• Before extending reservation to more groups, the entire policy needs to be properly examined, and its benefits over a span of nearly 60 years have to be gauged.
  • A change of attitude is needed among the ruling classes to stem the tide.
  • The private sector will have to accept the social responsibility setting aside its sole profit motive.

Conclusion:

Quality education is the bedrock of sustainable development, the foundation for improving people’s lives. Sure, we have made improvements in this area, but we need to take stronger measures if we want this development to reach the most marginalised in time for achieving our Sustainable Development Goals.


Topic : contributors to Indian freedom struggle.

2) Discuss the contributions of Vinayak Damodar Savarkar in the freedom movement of India. (250 words)

Reference

Why this question:

Swatantryaveer Vinayak Damodar Savarkar’s birth anniversary was celebrated yesterday thus it is important for us to analyse his contributions to Indian freedom struggle .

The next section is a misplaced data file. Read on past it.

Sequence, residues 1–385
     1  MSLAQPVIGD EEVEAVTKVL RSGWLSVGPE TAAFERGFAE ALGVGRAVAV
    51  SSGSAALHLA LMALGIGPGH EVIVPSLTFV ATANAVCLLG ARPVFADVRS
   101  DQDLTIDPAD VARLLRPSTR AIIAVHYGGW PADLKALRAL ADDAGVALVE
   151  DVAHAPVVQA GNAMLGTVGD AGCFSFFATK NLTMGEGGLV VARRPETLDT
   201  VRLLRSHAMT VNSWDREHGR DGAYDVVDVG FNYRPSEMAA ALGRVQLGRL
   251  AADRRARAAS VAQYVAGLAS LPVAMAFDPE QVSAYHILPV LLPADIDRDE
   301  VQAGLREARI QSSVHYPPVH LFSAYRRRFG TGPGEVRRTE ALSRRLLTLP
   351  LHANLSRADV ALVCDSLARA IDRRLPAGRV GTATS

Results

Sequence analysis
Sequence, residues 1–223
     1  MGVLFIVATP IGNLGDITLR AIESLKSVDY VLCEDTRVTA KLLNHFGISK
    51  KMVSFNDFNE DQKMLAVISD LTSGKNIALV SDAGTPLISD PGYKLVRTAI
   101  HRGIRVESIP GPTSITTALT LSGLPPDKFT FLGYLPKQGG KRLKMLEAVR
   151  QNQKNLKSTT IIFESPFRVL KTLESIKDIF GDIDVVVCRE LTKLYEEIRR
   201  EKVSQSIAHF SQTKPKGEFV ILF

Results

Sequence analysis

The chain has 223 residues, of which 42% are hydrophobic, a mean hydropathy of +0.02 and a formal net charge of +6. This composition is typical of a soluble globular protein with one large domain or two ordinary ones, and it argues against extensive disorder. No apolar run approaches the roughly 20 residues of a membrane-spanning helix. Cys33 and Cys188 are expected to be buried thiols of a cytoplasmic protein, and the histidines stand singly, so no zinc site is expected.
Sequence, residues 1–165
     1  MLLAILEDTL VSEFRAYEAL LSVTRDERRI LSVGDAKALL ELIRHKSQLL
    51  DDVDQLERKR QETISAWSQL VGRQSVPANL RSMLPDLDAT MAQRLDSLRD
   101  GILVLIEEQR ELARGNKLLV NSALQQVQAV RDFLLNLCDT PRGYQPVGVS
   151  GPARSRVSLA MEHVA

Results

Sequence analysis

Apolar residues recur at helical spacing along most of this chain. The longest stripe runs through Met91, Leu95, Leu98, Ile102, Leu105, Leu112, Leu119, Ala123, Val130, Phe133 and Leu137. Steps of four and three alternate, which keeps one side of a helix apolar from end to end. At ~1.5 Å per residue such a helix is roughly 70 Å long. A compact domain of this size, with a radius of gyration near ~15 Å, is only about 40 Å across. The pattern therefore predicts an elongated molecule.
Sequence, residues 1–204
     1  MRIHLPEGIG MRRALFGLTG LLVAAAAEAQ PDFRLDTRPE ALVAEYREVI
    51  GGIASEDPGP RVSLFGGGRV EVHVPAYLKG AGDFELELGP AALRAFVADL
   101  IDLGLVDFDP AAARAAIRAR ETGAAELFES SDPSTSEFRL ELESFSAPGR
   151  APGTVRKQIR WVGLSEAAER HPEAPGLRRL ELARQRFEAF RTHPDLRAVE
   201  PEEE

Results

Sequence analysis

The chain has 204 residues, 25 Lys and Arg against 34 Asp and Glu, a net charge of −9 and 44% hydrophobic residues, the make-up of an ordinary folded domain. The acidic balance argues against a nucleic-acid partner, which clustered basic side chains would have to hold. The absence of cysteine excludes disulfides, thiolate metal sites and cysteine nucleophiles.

Demand of the question:

List the contributions of Vinayak Damodar Savarkar in Indian freedom struggle.

Directive word:

DiscussThis is an all-encompassing directive – you have to debate on paper by going through the details of the issues concerned by examining each one of them. You have to give reasons for both for and against arguments.

Structure of the answer:

Introduction

Start with brief narration of his role in freedom struggle.

Body

Discuss the following points in detail:

  • Born on this day in 1883 near Nasik in Maharashtra, Vinayak Damodar Savarkar was popularly called Veer Savarkar.
  • Veer Savarkar was a freedom fighter . He called 1857 revolt as the first war of independence.
  • He founded the following Organizations: Abhinav Bharat Society and Free India Society.